Bio 111 Exam 1 Study Guide
Bio 111 Exam 1 Study Guide Biology 111
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This 14 page Study Guide was uploaded by Mallori Wisuri on Monday February 8, 2016. The Study Guide belongs to Biology 111 at Ball State University taught by Dr. Metzler in Winter 2016. Since its upload, it has received 42 views.
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Date Created: 02/08/16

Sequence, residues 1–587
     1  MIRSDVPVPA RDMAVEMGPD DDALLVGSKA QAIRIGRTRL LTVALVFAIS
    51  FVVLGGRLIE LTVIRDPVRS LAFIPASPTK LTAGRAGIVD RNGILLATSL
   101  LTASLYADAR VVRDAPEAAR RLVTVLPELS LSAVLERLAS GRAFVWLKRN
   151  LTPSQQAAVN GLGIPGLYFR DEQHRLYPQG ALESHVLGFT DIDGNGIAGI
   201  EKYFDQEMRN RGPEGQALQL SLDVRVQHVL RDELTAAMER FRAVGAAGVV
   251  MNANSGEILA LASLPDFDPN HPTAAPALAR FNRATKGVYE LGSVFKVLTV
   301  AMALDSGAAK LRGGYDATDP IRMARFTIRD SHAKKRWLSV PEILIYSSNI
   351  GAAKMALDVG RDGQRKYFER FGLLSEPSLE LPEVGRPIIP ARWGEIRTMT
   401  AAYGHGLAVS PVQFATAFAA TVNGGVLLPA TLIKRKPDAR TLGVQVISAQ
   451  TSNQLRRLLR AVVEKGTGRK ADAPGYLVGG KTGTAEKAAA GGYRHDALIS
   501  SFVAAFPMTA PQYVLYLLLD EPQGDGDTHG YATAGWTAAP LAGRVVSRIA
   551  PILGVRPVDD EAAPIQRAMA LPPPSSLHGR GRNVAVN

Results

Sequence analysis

Bio 111 Exam 1 Study Guide Chapter 1 (1/12/16; 1/14/16; 1/19/16) 1. Diagram the hierarchy of structural levels in biological organization and be able to place objects in the proper levels. Lowest to highest: -‐Atoms -‐Molecules -‐Organelles -‐Cells -‐Tissues -‐Organs and Organ systems -‐Organisms -‐Populations -‐Communities -‐Ecosystems -‐Biosphere 2. Know the characteristics of life Seven: 1. Order-‐ ex. sunflower 2. Evolutionary adaption-‐ to change over time ex. Camouflage from prey 3 Respond to stimuli-‐ ex. Venus fly trap ; any living thing can have this capability 4 Reproduce-‐making an offspring; the ability not based off your decision (sexual or asexual) 5. Grow and develop-‐ ex. Nile crocodile 6. Energy processing-‐ ex. humming birds 7. Regulation-‐ ex. Jack rabbit. They have big ears with blood vessels to regulate body temperature. Organisms can regulate concentrations in their body, sugar, surface area to volume ratio (size to volume), sleeping/waking cycles, hormones, and pH. 3. Distinguish among the three domains of life. -‐Bacteria: find prokaryotic cells -‐Eukarya: find eukaryotic cells -‐Archaea: find prokaryotic cells 4. List and distinguish among the three kingdoms of multicellular, eukaryotic life. -‐Fungi -‐Plantae -‐Animilia 5. Know, be able to identify, and describe the steps of the scientific method. -‐Make an observation -‐Form a hypothesis -‐Prediction -‐Perform the experiment -‐Analyze the data -‐Report your findings -‐Invite others to reproduce the results 6. Explain why hypotheses must be testable and falsifiable but are not provable. Scientist don’t prove anything because according to a good hypothesis it must be falsifiable. This means there has to be the potential to collect negative data. This is why scientists say supported! 7. Distinguish between the everyday meaning of the term ‘theory’ and its meaning to scientists. -‐Take several hypotheses together and put together a huge idea about how we think something works. -‐All these hypotheses used in a certain theory have to be supported by data. -‐Theory holds more weight if it supported by lots of different types of data. -‐Theory’s have the ability to change and grow with new information. Chapter 2(1/19/16) 1. Identify the four elements that make up 96% of living matter. Oxygen Carbon Hydrogen Nitrogen 2. Draw and label a simplified model of an atom. 3. Distinguish between neutrons, protons, and electrons (See picture above) Electron: capable or effecting bonding (negative) Proton: contribute mass of atom (positive) Neutron: contribute mass of the atom (neutral) 4. Explain how two isotopes of an element are similar. Explain how they are different. Isotopes are various forms of an element. They have different number of neutrons so they have different mass. Have different characteristics then the regular forms of the element. 5. Explain why electrons in the first electron shell have less potential energy than electrons in higher electron shells. -‐Similarly charged electrons are placed into the same shell. -‐If an electron gains or loses energy it can move. This is important for biologically to use. 6. Distinguish between nonpolar covalent, polar covalent and ionic bonds. -‐Polar covalent bond: sharing electrons unequally -‐This can be tested by electronegativity. The more electronegative an element the stronger affinity it is for electrons. Ex. Water molecules -‐Nonpolar covalent bond: sharing electrons equally -‐Ionic bond o Movement of electrons, o Electrons are transferred and not shared like in covalent bonds. o Weak bond according to biology perspective o One atom will gain electron(s) while the other atom loses electron(s). Try to complete electron shell to become more stable Ex. NaCl opposites attract so going to form a bond. -‐Cation: Na ; positive (t looks like a plus sign) -‐Anion: Cl ; negative 7. Distinguish between hydrogen bonds, hydrophobic interaction, and van der Waals interactions. -‐Van der waals o Electrons are in a cloud and don’t know their exact location o Electrons constantly moving o A separation of charge is caused o Only happen when atoms are very close to one another and they both have opposing dipole moments o Very weak bond o Important role in proteins and cell membranes -‐Hydrophobic o Like substances will dissolve like substance (like dissolves like) -‐CH3(carbon hydrogen chain molecules) o Means afraid of water or nonpolar -‐Hydrophilic: water loving or polar o Ex. Oil o Due to weak interactions can break easily will eventually reform bonds o Important to structure of proteins -‐Hydrogen bond o No exchange of electrons at all to create bonds unlike covalent and ionic bonds o Will not develop unless polar covalent bonds have happened in another molecule o Bonds can occur between polar molecules o Hydrogen from water is bondng to the Nitrogen of the ammonia molecule o Interaction between polar molecules such a C, N, O o One atom forming bond is hydrogen o Hold two DNA strands together o Doesn’t take a lot of energy to break/form. This is helpful to living things Chapter 3(1/21/16) 1. With the use of a diagram or diagrams, explain why water molecules are: a. Polar It is a polar molecule and contains 2 polar covalent bonds Oxygen hogs the electrons from the 2 hydrogen’s b. Capable of hydrogen bonding with 4 neighboring water molecules Water molecules are excellent at hydrogen bonding 2. List four characteristics of water that result from hydrogen bonding. -‐Cohesion -‐Temperature stabilizer -‐Ice is less dense then liquid form of water -‐Powerful solvent 3. Define cohesion and adhesion. Explain how water’s cohesion and adhesion contribute to the movement of water from the roots to the leaves of a tree. o Cohesion: stick to yourself Creates surface tension Ex. Water and water o Adhesion: stick to something else Ex. Water and glass -‐ Capillary actions: when cohesion and adhesion combine together. -‐Important for very large trees (Redwoods) for pulling water up to the top of trees. 4. Explain the following observations by referring to the properties of water: • Coastal areas have milder climates than adjacent inland areas. Temperature stabilizer: -‐Water has high specific heat and high evaporation point -‐Requires ton of energy to raise temperature of water -‐Huge body of water absorbs heat and keeps coast cool • Ocean temperatures fluctuate much less than temperatures on land. Temperature stabilizer: -‐Water has high specific heat and high evaporation point -‐Requires ton of energy to raise temperature of water -‐Huge body of water absorbs heat and keeps coast cool • Insects like water striders can walk on the surface of a pond without breaking the surface. Cohesion: stick to yourself -‐Creates surface tension Ex. Water and water • If you slightly overfill a water glass, the water will form a convex surface above the top of the glass. o Cohesion: stick to yourself -‐Creates surface tension Ex. Water and water o Adhesion: stick to something else Ex. Water and glass • If you place a paper towel so that it touches spilled water, the towel will draw in the water. Adhesion: stick to something else Ex. Water and glass -‐ Capillary actions: when cohesion and adhesion combine together. -‐Important for very large trees (Redwoods) for pulling water up to the top of trees. -‐Ex. Sucking up water from your cup through your straw to your mouth. • Ice floats on water. Ice less dense then liquid form of water because when ice form of water(solid): atoms get slower and Hydrogen bonds when formed are further away from one another. • Humans sweat and dogs pant to cool themselves on hot days. Temperature stabilizer: -‐Water has high specific heat and high evaporation point -‐Requires ton of energy to raise temperature of water -‐Our body can handle huge temperature changes without affecting our body temperature -‐When your body gets hot you sweat and skin turns red. 5. Distinguish between hydrophobic and hydrophilic substances. -‐Hydrophobic means afraid of water or nonpolar -‐Hydrophilic: water loving or polar 6. Define acid, base, and pH. Acid: -‐pH lower then 7 -‐Proton donor -‐Dissociates to release hydrogen ion [H] Base: -‐Proton acceptor -‐Dissociate to release hydroxide ion [OH] -‐pH higher then 7 pH scale: -‐Concentration of H and OH ions -‐This is a log scale -‐6 to 7 a factor of 10, not 1 7. Explain how acids and bases may directly or indirectly alter the hydrogen ion concentration of a solution. (SEE NUMBER 6 ABOVE) 8. Explain how buffers work. -‐Resistance change in pH -‐The have a range in which they function -‐Buffers are weak acids or weak bases -‐Blood uses carbonic acid good to regulate pH in blood 9. Explain where electrolytes come from and their importance. -‐Mix acid and base will form a water and salt -‐Salt in presents of water will dissolve/dissociate -‐Electrolytes: ions that are created from dissociation Chapter 4(1/26/16) 1. Explain how carbon’s electron configuration explains its ability to form large, complex and diverse organic molecules. Hydrocarbon only composed of C and H Nonpolar molecules; nonpolar covalent bonds Don’t react well or at all with other molecules Electrons being equally shared 2. Describe how carbon skeletons may vary, and explain how this variation contributes to the diversity and complexity of organic molecules. Take on a lot of different arrangements Ex. Branching, Bonding (single/double), Ring structures, Carbon chains 3. Describe the basic structure of a hydrocarbon and explain why these molecules are hydrophobic. Hydrocarbon only composed of C and H Like substances will dissolve like substance (like dissolves like) -‐CH3(carbon hydrogen chain molecules) Hydrophobic: Means afraid of water or nonpolar 4. Name the major chemical groups found in organic molecules. Describe the basic structure of each chemical group and outline the chemical properties of the organic molecules in which they occur. Hydroxyl: OH -‐Polar group because of electronegative oxygen -‐Can now Hydrogen bond Carbonyl: C double bonded to Oxygen -‐2 varities: Ketone: O double bonded to 2 carbon chains Aldehyde: O double bonded to a carbon chain and Hydrogen -‐Found in sugars -‐Lets off interesting smells Carboxyl: C double bonded Oxygen and Hydroxyl -‐Acidic -‐Called carboxylic acid -‐Ionize Hydrogen will come off in presence in water, allows it to participate in ionic bonding -‐Important in structure of proteins Amino group: Nitrogen bonded to 2 Hydrogen’s –Ionize in living things –Acts as base –Picks up Hydrogen, which allows it to participate in ionic bonding Sulfhydryl group: Sulfur bonded to hydrogen and carbon -‐Not found very often -‐Only found on 1 amino acids (Cysteine) -‐Makes covalent bond (Disulfide bridge) -‐Cross links and helps with protein structure Phosphate group: phosphate with 4 oxygen’s -‐Takes on a negative charge -‐Structure of nucleic acid (DNA/RNA) -‐Plays a role in specific type of lipid Chapter 5(1/26/16)(1/28/16) 1. List the four major classes of macromolecules. Proteins Nucleic acids Carbohydrates Lipids 2. Distinguish between monomers and polymers. Polymers: large molecule built smaller subunits that have been linked together Monomer: small subunit held together by covalent bond (varies between biomolecules) 3. Draw diagrams to illustrate condensation and hydrolysis reactions. o Dehydration reaction: how polymers formed -‐removes water molecules; forming covalent bond between monomer subunit o Hydrolysis reaction: how polymers break down back into monomer subunits -‐adds water molecules; breaks covalent bond 4. Distinguish between monosaccharide’s, disaccharides, and polysaccharides. -‐Monosacchrides: named for how many Carbons they contain. Come in lots of different sizes. Ex. Glucose -‐Disaccharides: put 2 monomers together dehydration reaction form bond called glycoside linkage(covalent bond) Ex. Sucrose -‐Polysaccharides: the true biomolecule. Composed of glucoses. How the glucose are arranged and the arrangement of covalent bond. Ex. Starch and Glycogen Starch: make a fairly tight chain made up of glucose. Used for energy. (Plants) Glycogen: Lots of branching made up of glucose. Found in cells of liver and in muscle cells. (Humans) -‐Cellulose: plant cells build cell walls out of a different version of glucose called the Beta form that are linked together. They call this fiber because we cannot break it down in the human body due to the Beta bond. In humans can only break down the Alpha form of glucose. 5. Describe the formation of a glycosidic linkage. Dehydration reaction form bond called glycosidic linkage (covalent bond) 6. Distinguish between the glycosidic linkages found in starch and cellulose. Explain why the difference is biologically important. Starch forms glycosidic linkage is a Alpha where as a Cellulose forms a Beta. Biologically important because they call this fiber because we cannot break it down in the human body due to the Beta bond. In humans can only break down the Alpha form of glucose. 7. Describe the building-‐block molecules, structure, and biological importance of fats, phospholipids, and steroids. o Lipids –No monomer subunit -‐Group them based on chemical nature -‐Nonpolar, hydrophobic molecules -‐Used in energy storage, structural component, or signaling § Triacylglycerol’s: made up of 3 fatty acids tails (big hydrocarbon chains) -‐Glycerol molecule attached to fatty acid tails -‐Dehydration reaction forms an ester linkage(covalent bond) between the glycerol and fatty acid tails. -‐In animals this is how we store energy -‐Fatty acids come in 2 varities: § Saturated fats: straight tail, no Carbon Carbon double bonds. Saturated with Hydrogens. Solid at room temperature. Ex. Butter, lard. Come from animals and are sticky § Unsaturated fats: Carbon Carbon double bond in tail; rigid no flexibility causes it to kink. Doesn’t allow for packing of tails so liquid at room temperature. Ex. Come from plant sources or fish § Phospholipids: structure important for in creating the structure of your membrane (lipid bilayer in cell membranes) -‐Amphipathic: both hydrophobic (nonpolar) and hydrophilic (polar region) -‐Head group: Hydrophilic and composed of glycerol molecule, phosphate group and head group. -‐Tails: two hydrophobic tails and can be saturated or unsaturated. § Steroid: distinguished by four connected carbon rings with various functional groups attached. Ex. Cholesterol: common compound of animal call membranes and a precursor for other steroids, including many hormones. 8. Identify an ester linkage and describe how it is formed. Dehydration reaction forms an ester linkage (covalent bond) between a fatty acid head and tail. 9. Distinguish between saturated and unsaturated fats. -‐Saturated fats: straight tail, no Carbon Carbon double bonds. Saturated with Hydrogens. Solid at room temperature. Ex. Butter, lard. Come from animals and are sticky -‐Unsaturated fats: Carbon Carbon double bond in tail; rigid no flexibility causes it to kink. Doesn’t allow for packing of tails so liquid at room temperature. Ex. Come from plant sources or fish 10. Name the principal energy storage molecules of plants and animals. Starch-‐Plants Fat/ Triacylglycerol-‐Animals 11.Explain how a peptide bond forms between two amino acids. Linking amino acids together occurs in a dehydration reaction where a peptide bond (covalent bond) forms. This bond forms between the carboxyl group and amino group of the amino acid coming in. You can break the peptide bond in a hydrolysis reaction. 12. List and describe the four major components of an amino acid. Explain how amino acids may be grouped according to the physical and chemical properties of the R group. -‐Amino acid: monomer subunit that consists of an amino group, carboxyl group, alpha carbon, hydrogen, and R-‐group/Side chain (The R-‐group varies and is what is unique between 20 amino acids) -‐Break proteins up into groups based on chemical nature: -‐Polar: do a lot of H bonding, find an extra amino group and OH groups. -‐Nonpolar: side chains are carbons and hydrogen’s. Form hydrophobic interaction and find them on interior of proteins. -‐Electrically charged: ionize in presence of water forming charges, extra carboxylic group (acidic) or extra amino group (basic). Water loves charge and can form ionic bonds. 13. Explain how the primary structure of a protein is determined. Primary: order of amino acids when you link tem together by peptide bonds and make a chain. Held together by covalent bonds. Controls all other level of structures. 14. Name two types of secondary protein structure. Explain the role of hydrogen bonds in maintaining secondary structure. Secondary: two types; maintained by Hydrogen bonding between amino and carboxyl groups. -‐Alpha helix: very flexible, elastic, come back into shape. -‐Beta pleated sheets: more stable configuration, strong, 15. Explain how weak interactions and disulfide bridges contribute to tertiary protein structure. Tertiary: contributes to 3D shape; interaction between side chains; hydrophobic, ionic, van der waals, and disulfide bonds (covalent bond). Every protein gets to this level! -‐Globular proteins: blob like (hemoglobin) -‐Fibrous proteins: rope-‐like (collagen) 16. Understand the process of denaturation. Denaturation: causes proteins to unfold. The protein loses tertiary and secondary structure, but not its primary structure. 17. Explain how chaperonins may assist in proper folding of proteins. Roles of Chaperones: help proteins fold properly 18. List the major components of a nucleotide, and describe how these monomers are linked to form a nucleic acid. Nucleic Acid -‐Monomer subunit: nucleotide made up of 3 parts phosphate functional group, pentose sugar (Deoxyribose-‐DNA; Ribose-‐RNA) and nitrogenous bases (A,U,C,G,T) -‐Dehydration reaction created the phosphodiester bond (covalent bond) between the phosphate group and sugar. 19. Distinguish between: a. ribose and deoxyribose Ribose is the sugar group found in RNA Deoxyribose is the sugar group found in DNA. It has one less oxygen group then ribose. b. 5ʹ′ end and 3ʹ′ end of a nucleotide 5’ end is a phosphate group and 3’ end is a hydroxyl group. Next, nucleotide will link with the 3’ end. 20. Briefly describe the three-‐dimensional structure of DNA. DNA is double stranded, stable, double helix (spiral staircase), constant diameter (2nm), right handed. 21. Describe differences between DNA and RNA Nucleic Acid -‐Monomer subunit: nucleotide made up of 3 parts phosphate functional group, pentose sugar (Deoxyribose-‐DNA; Ribose-‐RNA) and nitrogenous bases (A,U,C,G,T) Thymine (DNA) Uracil (RNA) -‐Uses: store/transmit genetic information and help make proteins. -‐RNA is single stranded and unstable -‐DNA is double stranded, stable, double helix (spiral staircase), constant diameter (2nm), right handed. -‐Complementary base pairing: A pairs with T (2 H bonds); C pairs with G (3 H bonds) -‐DNA strands run antiparallel to each other. -‐Dehydration reaction created the phosphodiester bond (covalent bond) between the phosphate group and sugar. -‐5’ end is a phosphate group and 3’ end is a hydroxyl group. Next, nucleotide will link with the 3’ end.